Category Archives: interaction

Thoughts on: The Dynamics of Social Practice: Everyday life and how it changes – Chapters 1 & 2 (Shove, Pantzar and Watson, 2012)


Social Practice Theory echoes Sociomaterial theory it seems, in that it takes an holistic perspective of things and treats them very much as the sum of their parts. In this instance however we are looking at the things that people do (practices) rather than how things are organised.

SPT was suggested to me early on by my supervisor as an area for exploration but for some reason it (and all theory for that matter) got put into the ‘for later’ basket. I think at some level I didn’t want to color the way that I looked at the questions too much – but I think I was also daunted by the high-concept nature of theory. I probably still am but now that I’ve finally decided to take a look, it does at least seem as though it will become digestible as I spend a little more time with it.

Another reason to trust your supervisor anyway.

Given that the central focus of my research question is Technology Enhanced Learning & Teaching PRACTICES, it makes sense to spend time unpacking what we actually mean by practices. What I hadn’t considered until now is that there are a lot of facets to practice and this may well lead to new ways of thinking about them for me, as well as presenting new opportunities to help shape them.

When I launched into this book – and as it’s a book, it seems useful to post chapter by chapter – it quickly became apparent to me that I have entered a new headspace. It seemed to be a very ontological and epistemological world, laden with a lot of abstract philosophy about the nature of being. As we’ve progressed the authors have grounded it somewhat with more tangible examples – skateboarding and driving a car – as well as asking the question – so why is it helpful to look at this? This has been invaluable in helping me to consider the practicalities and as I read on I was able to start substituting TELT  in whatever the text example of a practice was.

What I’m going to do for now, rather than summarise the intro and opening chapter, is summarise key ideas and questions that have been raised, along with some notable quotes.

Chapter 1 – Introduction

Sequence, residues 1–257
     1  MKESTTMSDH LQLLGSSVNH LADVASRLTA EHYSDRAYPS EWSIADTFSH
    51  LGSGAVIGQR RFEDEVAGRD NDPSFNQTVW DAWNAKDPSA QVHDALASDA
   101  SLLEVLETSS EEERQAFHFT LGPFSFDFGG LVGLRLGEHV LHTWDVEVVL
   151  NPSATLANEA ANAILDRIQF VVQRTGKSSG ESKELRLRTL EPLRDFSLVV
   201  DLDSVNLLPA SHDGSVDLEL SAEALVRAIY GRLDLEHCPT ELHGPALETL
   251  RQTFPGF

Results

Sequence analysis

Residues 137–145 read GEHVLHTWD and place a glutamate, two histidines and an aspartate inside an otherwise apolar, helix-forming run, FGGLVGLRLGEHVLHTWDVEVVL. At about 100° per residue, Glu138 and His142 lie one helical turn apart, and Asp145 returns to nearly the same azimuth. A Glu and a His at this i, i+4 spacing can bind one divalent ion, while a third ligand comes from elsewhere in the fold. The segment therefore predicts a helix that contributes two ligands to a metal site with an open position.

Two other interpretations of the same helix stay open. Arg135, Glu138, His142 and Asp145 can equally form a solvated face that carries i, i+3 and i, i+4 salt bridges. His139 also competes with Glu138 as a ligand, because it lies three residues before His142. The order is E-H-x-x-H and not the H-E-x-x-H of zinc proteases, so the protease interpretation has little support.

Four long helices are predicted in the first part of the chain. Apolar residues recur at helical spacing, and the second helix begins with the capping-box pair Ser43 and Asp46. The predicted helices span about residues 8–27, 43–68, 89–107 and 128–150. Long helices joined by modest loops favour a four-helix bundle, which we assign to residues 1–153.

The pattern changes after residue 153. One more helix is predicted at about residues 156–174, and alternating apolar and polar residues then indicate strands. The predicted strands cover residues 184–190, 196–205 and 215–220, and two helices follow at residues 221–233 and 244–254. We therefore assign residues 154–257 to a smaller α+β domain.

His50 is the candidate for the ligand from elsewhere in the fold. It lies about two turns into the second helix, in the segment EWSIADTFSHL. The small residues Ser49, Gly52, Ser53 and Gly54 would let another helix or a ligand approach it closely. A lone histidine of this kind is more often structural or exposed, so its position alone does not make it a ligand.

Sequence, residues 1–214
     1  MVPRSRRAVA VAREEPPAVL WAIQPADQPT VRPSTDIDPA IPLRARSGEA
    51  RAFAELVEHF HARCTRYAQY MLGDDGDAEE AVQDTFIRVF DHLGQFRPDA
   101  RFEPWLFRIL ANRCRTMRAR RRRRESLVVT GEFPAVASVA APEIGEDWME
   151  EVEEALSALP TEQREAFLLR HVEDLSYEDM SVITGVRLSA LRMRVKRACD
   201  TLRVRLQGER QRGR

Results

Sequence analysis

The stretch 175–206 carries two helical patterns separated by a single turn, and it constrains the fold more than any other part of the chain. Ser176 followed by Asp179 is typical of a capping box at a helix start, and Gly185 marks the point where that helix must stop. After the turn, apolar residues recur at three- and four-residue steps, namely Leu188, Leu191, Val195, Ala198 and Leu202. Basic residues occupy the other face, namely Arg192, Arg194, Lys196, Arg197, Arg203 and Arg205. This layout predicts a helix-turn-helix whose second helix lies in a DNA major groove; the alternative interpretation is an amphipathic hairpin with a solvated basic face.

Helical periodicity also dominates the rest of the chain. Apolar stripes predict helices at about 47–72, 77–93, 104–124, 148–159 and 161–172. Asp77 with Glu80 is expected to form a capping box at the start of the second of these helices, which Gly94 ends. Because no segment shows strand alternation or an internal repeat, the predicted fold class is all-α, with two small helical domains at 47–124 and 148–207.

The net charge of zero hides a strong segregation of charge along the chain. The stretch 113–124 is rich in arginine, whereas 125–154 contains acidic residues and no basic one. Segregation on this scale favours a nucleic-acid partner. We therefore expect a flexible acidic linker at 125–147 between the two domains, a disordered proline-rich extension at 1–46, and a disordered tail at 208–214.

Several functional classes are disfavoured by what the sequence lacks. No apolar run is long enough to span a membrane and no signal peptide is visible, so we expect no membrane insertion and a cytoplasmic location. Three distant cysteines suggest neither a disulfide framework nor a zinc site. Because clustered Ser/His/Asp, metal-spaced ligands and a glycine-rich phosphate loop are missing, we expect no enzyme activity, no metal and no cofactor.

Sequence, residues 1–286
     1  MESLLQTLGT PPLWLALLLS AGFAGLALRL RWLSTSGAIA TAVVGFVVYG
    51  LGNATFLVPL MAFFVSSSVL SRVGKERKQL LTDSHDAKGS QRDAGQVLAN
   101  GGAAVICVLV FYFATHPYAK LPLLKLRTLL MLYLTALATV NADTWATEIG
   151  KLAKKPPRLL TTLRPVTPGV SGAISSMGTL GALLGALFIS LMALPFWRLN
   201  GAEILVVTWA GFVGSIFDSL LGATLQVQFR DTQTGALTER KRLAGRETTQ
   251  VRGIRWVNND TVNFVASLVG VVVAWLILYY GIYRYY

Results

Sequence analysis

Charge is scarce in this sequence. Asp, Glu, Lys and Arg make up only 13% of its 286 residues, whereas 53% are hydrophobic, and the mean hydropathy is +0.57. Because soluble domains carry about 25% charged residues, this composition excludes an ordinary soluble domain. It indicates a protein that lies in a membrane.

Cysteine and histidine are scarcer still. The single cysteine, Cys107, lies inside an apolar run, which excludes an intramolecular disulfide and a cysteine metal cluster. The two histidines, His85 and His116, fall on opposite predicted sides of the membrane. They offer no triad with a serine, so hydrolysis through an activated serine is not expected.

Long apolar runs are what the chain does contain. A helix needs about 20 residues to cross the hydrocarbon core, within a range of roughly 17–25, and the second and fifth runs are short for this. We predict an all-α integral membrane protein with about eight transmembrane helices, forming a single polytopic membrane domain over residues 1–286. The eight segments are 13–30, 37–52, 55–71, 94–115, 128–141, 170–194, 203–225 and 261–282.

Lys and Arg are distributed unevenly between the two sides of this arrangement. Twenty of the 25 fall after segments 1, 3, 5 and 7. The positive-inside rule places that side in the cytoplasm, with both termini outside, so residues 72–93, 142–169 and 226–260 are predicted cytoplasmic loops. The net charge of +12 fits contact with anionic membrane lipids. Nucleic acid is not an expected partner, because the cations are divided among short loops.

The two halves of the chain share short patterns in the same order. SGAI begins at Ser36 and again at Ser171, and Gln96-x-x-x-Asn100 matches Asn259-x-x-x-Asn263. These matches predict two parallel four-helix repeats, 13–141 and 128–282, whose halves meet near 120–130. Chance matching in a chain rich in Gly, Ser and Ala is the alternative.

One of the aspects of the discussion that drew me in immediately was the importance of both change and stability in practice. I have previously, slightly cheekily perhaps, identified “change and continuity” (see also Veep – HBO series; Turnbull. Malcolm) as being of equal importance when looking at TELT practices. Embracing innovation but also refusing to throw the baby out with the bathwater by exploring options to maintain existing good practices.

The authors begin with an overview of the literature on practice to provide context and also to demonstrate the areas where current theory is lacking, building an argument for SPT. As such, it jumped around significantly and ideas that I grappled with and eventually understood (and in some cases agreed with) were then summarily dismissed. Value was still found in some recent work by Giddens, Reckwitz and Schatzki. Latour pops up with work in Science and Technology Studies (STS) and Bourdieu also makes an appearance.

Bourdieu has worked with ideas of practice since the 1970s – Outline of a theory of practice (1977 – English version) and The logic of practice in 1990. He described “habitus – concept embodying aspects of practical consciousness and of norms and rules of conduct. (Aspects that other theorists take to be part of practice themselves)” (p.13)

Reckwitz sees a practice as “routinized behaviour” that exists as a “block or pattern which can be filled out by a multitude of single and often unique actions” (p.14). Schatzki sees it as a “temporally and spatially dispersed nexus of doings and sayings” (p.14). The ‘doings’ and ‘sayings’ thing came up regularly in looking at Sociomaterial theory. Reckwitz also identified “interdependencies between diverse elements including forms of bodily activities, forms of mental activities, ‘things’ and their use, a background knowledge in the form of understanding, know-how, states of emotion and motivational knowledge” (p.14)

From this, Shove et al simmer practice down into three core elements, all interrelated: Competences, Materials and Meanings. Pretty well everything from here on in when it comes to practices is built on these categories. (They acknowledge that this does represent a simplification of what is contained in the elements but it is the relationships between the elements that seem to be the key). To provide an example, in the practice of skateboarding, the material includes the skateboard, helmet and the built environment that is skated in/on. The competences include the ability to ride the skateboard and perhaps the ability to avoid the police when skating in wrong areas. The meaning is bigger and broader and might include how bystanders feel about skaters or how the skaters see themselves as rebels of some kind.

practices emerge, persist, shift and disappear when connections between elements of these three types are made, sustained or broken (p.19)

On the material side, the theorists get more complicated and I must admit that I’m still processing some of these ideas. Hopefully it’s just the language being used. Schatzki says that “artefacts, materials and technologies are not literally part of practices but instead form ‘arrangements’ that are co-produced with practice but which are nonetheless distinct…the practices that are tied to arrangements… help constitute social phenomena” (p.16)

“Other authors reach much the same conclusion, defining technologies as ‘configurations that work’ (Rip and Kemp, 1998) and observing that ‘individual technologies add value only to the extent that they are assembled together into effective configurations’ (Suchman et al, 1999 p.399)” (p.17)